Hard coding the PCI addresses of particular Virtual Functions (VFs) into a guest's configuration has two serious limitations:
  • The specified VF must be available any time the guest virtual machine is started. Therefore, the administrator must permanently assign each VF to a single guest virtual machine (or modify the configuration file for every guest virtual machine to specify a currently unused VF's PCI address each time every guest virtual machine is started).
  • If the guest virtual machine is moved to another host physical machine, that host physical machine must have exactly the same hardware in the same location on the PCI bus (or the guest virtual machine configuration must be modified prior to start).
It is possible to avoid both of these problems by creating a libvirt network with a device pool containing all the VFs of an SR-IOV device. Once that is done, configure the guest virtual machine to reference this network. Each time the guest is started, a single VF will be allocated from the pool and assigned to the guest virtual machine. When the guest virtual machine is stopped, the VF will be returned to the pool for use by another guest virtual machine.

Procedure 16.10. Creating a device pool

  1. Shut down the guest virtual machine

    Using virsh shutdown command, shut down the guest virtual machine, here named guestVM.
    # virsh shutdown guestVM
  2. Create a configuration file

    Using your editor of choice, create an XML file (named passthrough.xml, for example) in the /tmp directory. Make sure to replace pf dev='eth3' with the netdev name of your own SR-IOV device's Physical Function (PF).
    The following is an example network definition that will make available a pool of all VFs for the SR-IOV adapter with its PF at "eth3' on the host physical machine:
          
    <network>
       <name>passthrough</name> <!-- This is the name of the file you created -->
       <forward mode='hostdev' managed='yes'>
         <pf dev='myNetDevName'/>  <!-- Use the netdev name of your SR-IOV devices PF here -->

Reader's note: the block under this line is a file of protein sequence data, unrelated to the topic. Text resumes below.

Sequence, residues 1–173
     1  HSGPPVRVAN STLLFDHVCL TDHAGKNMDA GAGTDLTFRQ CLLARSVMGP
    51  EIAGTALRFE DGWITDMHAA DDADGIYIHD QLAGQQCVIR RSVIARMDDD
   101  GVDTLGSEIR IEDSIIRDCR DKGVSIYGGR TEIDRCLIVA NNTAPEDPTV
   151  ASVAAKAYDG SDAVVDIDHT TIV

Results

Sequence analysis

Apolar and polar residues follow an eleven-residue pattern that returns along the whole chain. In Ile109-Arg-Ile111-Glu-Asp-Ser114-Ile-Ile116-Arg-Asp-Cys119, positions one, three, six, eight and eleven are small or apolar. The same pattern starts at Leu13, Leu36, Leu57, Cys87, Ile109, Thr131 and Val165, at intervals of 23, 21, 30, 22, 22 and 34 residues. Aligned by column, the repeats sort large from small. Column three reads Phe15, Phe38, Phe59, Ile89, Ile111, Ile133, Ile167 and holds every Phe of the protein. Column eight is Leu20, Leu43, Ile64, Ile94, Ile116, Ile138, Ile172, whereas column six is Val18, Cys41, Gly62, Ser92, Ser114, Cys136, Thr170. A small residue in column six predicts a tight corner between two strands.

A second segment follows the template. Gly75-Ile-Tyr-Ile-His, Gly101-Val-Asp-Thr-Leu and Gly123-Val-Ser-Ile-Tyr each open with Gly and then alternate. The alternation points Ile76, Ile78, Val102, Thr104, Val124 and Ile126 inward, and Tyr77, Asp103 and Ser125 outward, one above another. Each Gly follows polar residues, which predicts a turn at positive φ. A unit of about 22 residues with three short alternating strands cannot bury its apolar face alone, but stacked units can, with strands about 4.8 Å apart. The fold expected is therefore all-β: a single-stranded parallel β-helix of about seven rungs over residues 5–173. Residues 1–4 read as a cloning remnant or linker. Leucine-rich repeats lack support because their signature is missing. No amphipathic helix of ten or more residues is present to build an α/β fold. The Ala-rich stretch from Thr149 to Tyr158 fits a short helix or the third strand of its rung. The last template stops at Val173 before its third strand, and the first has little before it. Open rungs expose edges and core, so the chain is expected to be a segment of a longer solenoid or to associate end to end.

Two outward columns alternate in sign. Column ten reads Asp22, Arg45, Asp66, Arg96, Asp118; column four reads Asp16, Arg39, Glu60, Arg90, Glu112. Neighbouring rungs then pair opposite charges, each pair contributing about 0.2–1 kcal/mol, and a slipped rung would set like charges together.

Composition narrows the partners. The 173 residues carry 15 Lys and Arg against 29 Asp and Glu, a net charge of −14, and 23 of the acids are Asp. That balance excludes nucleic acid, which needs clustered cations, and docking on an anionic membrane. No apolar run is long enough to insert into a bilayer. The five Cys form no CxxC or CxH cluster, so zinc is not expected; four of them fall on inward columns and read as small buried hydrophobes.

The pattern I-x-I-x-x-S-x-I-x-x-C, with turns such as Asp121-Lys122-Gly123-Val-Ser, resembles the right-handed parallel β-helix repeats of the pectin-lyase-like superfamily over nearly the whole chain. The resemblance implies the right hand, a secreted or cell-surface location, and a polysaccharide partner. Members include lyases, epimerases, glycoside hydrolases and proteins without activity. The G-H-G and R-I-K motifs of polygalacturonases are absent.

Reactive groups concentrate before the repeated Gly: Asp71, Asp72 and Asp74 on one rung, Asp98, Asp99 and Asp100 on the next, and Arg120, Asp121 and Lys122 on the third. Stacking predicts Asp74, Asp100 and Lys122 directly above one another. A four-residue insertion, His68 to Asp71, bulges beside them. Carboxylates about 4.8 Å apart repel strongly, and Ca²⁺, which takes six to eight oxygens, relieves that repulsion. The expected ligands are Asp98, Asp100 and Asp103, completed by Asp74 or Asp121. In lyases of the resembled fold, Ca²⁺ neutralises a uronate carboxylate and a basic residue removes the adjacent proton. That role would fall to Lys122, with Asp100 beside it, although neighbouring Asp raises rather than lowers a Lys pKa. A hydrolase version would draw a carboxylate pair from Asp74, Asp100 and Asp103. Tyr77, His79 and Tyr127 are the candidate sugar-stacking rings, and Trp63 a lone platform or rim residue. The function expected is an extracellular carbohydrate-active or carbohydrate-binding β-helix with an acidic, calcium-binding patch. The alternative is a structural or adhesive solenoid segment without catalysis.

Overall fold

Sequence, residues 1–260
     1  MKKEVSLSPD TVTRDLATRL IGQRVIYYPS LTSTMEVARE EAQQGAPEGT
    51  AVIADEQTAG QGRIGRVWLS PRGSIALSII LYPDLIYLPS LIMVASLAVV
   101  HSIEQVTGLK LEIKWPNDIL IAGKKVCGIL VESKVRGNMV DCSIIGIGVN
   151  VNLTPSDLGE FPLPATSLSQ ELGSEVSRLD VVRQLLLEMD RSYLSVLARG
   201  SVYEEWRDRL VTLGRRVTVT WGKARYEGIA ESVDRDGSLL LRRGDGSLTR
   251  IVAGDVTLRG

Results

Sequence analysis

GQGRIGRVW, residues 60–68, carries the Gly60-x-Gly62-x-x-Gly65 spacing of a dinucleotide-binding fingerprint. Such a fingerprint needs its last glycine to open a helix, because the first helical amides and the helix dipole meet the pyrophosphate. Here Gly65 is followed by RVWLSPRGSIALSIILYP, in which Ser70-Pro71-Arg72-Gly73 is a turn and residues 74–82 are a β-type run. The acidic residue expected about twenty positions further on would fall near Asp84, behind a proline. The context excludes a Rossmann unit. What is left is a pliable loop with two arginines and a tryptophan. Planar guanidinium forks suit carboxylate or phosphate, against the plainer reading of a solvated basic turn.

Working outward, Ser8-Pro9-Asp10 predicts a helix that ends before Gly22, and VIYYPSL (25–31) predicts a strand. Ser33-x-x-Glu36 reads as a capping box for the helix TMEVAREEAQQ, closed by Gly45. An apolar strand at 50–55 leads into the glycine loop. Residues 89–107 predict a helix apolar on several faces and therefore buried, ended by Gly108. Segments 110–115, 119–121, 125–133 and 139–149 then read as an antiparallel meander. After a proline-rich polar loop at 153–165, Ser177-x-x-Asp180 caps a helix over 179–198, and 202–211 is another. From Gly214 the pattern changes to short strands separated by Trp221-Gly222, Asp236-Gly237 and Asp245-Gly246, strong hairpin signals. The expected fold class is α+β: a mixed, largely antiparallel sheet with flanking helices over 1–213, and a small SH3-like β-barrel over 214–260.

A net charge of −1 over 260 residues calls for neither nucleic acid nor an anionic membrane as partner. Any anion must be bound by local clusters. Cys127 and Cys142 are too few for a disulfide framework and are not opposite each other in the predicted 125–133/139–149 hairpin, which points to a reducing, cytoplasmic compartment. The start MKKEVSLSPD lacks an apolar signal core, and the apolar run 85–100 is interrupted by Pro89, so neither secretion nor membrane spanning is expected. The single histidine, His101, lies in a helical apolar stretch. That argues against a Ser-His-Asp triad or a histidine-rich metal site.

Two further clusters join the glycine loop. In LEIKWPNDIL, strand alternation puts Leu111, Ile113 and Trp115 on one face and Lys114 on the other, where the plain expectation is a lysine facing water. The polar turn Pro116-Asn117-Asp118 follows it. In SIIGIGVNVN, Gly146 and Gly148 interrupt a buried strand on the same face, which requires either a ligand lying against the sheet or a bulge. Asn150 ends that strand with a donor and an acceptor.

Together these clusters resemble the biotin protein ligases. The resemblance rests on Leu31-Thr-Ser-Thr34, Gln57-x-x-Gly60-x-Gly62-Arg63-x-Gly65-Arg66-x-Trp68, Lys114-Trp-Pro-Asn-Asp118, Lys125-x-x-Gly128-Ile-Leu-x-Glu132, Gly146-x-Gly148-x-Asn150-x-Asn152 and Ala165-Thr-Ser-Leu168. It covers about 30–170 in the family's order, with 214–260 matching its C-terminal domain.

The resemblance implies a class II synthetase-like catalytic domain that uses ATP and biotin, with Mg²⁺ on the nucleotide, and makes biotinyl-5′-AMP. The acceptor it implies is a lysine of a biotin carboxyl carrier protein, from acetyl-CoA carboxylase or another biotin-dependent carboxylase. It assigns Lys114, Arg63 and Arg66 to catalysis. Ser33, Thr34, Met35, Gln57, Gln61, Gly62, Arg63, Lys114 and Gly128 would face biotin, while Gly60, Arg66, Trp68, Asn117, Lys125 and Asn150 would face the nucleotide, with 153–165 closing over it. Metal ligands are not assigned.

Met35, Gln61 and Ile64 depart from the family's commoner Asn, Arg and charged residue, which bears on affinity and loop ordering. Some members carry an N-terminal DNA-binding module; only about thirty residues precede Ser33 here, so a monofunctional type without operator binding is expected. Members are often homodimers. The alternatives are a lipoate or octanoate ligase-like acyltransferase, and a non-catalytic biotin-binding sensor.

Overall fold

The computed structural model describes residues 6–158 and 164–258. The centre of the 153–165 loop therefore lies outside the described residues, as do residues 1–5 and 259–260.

</forward>
    </network>
          
    
    

    Figure 16.12. Sample network definition domain XML

  3. Load the new XML file

    Enter the following command, replacing /tmp/passthrough.xml with the name and location of your XML file you created in the previous step:
    # virsh net-define /tmp/passthrough.xml
  4. Restarting the guest

    Run the following, replacing passthrough.xml with the name of your XML file you created in the previous step:
     # virsh net-autostart passthrough # virsh net-start passthrough 
  5. Re-start the guest virtual machine

    Run the virsh start command to restart the guest virtual machine you shutdown in the first step (example uses guestVM as the guest virtual machine's domain name). See Section 20.6, “Starting, Resuming, and Restoring a Virtual Machine” for more information.
     # virsh start guestVM 
  6. Initiating passthrough for devices

    Although only a single device is shown, libvirt will automatically derive the list of all VFs associated with that PF the first time a guest virtual machine is started with an interface definition in its domain XML like the following:
             
    <interface type='network'>
       <source network='passthrough'>
    </interface>
          
    
    

    Figure 16.13. Sample domain XML for interface network definition

  7. Verification

    You can verify this by running virsh net-dumpxml passthrough command after starting the first guest that uses the network; you will get output similar to the following:
          
    <network connections='1'>
       <name>passthrough</name>
       <uuid>a6b49429-d353-d7ad-3185-4451cc786437</uuid>
       <forward mode='hostdev' managed='yes'>
         <pf dev='eth3'/>
         <address type='pci' domain='0x0000' bus='0x02' slot='0x10' function='0x1'/>
         <address type='pci' domain='0x0000' bus='0x02' slot='0x10' function='0x3'/>
         <address type='pci' domain='0x0000' bus='0x02' slot='0x10' function='0x5'/>
         <address type='pci' domain='0x0000' bus='0x02' slot='0x10' function='0x7'/>